Published on February 13th, 2011 | by Julie Finn1
Sew Subversive Teaches You How to Upcycle Clothing with Style
Are you a crafter who’s interested in refashioning clothes? You ought to be because refashioned clothes are clothes that fit you perfectly, flatter your body, and look exactly the way that you want them to look. You need to have few techniques in your hip pocket to get going.
You want to be able to hem a pair of pants. You want to be able to lengthen a pair of pants. You want to be able to change the leg style of a pair of pants (Tapered-leg jeans? Just…no). You want to be able to change the fit of a shirt.
You want more than just tailoring, though, and if you’re really into upcycling clothes, then what gives you the biggest thrill is the personality that you add to your wardrobe. You want to know a hundred different ways to embellish a T-shirt or a pair of pants. You want to know a thousand different ways that you can make something new from a sweater, or a T-shirt, or a pillowcase.
You want these things? Then you need to read Sew Subversive.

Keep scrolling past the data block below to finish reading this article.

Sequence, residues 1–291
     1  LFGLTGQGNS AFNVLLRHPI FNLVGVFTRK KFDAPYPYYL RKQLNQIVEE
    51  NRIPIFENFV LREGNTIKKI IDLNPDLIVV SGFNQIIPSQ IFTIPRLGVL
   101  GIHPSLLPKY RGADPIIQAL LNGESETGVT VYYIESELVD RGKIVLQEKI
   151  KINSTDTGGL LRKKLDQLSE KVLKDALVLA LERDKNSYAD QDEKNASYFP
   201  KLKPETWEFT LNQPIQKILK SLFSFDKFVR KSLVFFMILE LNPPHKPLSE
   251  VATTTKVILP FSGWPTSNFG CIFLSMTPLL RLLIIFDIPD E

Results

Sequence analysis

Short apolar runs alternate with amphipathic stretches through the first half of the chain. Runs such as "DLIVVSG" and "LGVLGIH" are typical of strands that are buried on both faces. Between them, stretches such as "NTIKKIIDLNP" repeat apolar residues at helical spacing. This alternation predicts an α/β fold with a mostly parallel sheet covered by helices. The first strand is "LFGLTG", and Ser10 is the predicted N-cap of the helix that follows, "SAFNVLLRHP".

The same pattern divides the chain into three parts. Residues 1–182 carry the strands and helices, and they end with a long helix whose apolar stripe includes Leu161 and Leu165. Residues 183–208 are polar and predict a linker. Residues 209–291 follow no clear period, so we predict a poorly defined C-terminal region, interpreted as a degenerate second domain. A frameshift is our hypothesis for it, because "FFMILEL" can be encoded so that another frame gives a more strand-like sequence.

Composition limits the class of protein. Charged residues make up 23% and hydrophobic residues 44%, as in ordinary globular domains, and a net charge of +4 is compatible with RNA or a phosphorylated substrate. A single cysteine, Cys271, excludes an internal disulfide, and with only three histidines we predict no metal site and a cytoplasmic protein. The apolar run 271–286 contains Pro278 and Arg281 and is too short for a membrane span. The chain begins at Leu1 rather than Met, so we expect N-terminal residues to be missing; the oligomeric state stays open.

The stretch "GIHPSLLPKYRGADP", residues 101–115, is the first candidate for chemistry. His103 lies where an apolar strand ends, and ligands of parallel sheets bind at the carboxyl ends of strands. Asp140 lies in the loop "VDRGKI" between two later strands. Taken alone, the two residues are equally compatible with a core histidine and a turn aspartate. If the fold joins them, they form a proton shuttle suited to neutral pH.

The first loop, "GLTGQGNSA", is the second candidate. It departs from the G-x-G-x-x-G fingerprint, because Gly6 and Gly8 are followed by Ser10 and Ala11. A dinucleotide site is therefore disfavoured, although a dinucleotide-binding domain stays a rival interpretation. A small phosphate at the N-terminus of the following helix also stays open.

Sew Subversive isn’t brand-new, but I like it so much because it’s practically iconic in the world of upcycling clothing. It’s written to the layperson who really wants to get into DIY design and clothing reconstruction, why it includes instructions for threading a bobbin, but most of the projects are classics, stuff that you can make as sensible or outrageous as you wish, and for that reason, I declare this book a mandatory read.
Sew Subversive has projects that range from the simple (even no-sew!) such as walking you through the process of a T-shirt transfer; to projects that are nearly as easy but have big impact, such as reverse-applique and decorative top-stitching; to projects that may take a little practice, such as altering a hoodie or hand-stitching embellishments to pants.
Since these projects have instructions, but not patterns, they’re all pretty friendly to a wide range of sizes, and the models who show off the fashions are also a range of sizes, which is nice. There are no projects specifically for children, but almost everything would work for children. The instructions for turning a child’s pair of pants into a skirt are obviously identical to those for turning an adult’s pair of pants into a skirt.
And yep, even though you may already know that I basically spend my life turning stuff into skirts for my girly-girl daughter, I still learned a couple of new techniques here. Denim skirt with a bottom ruffle, here we come!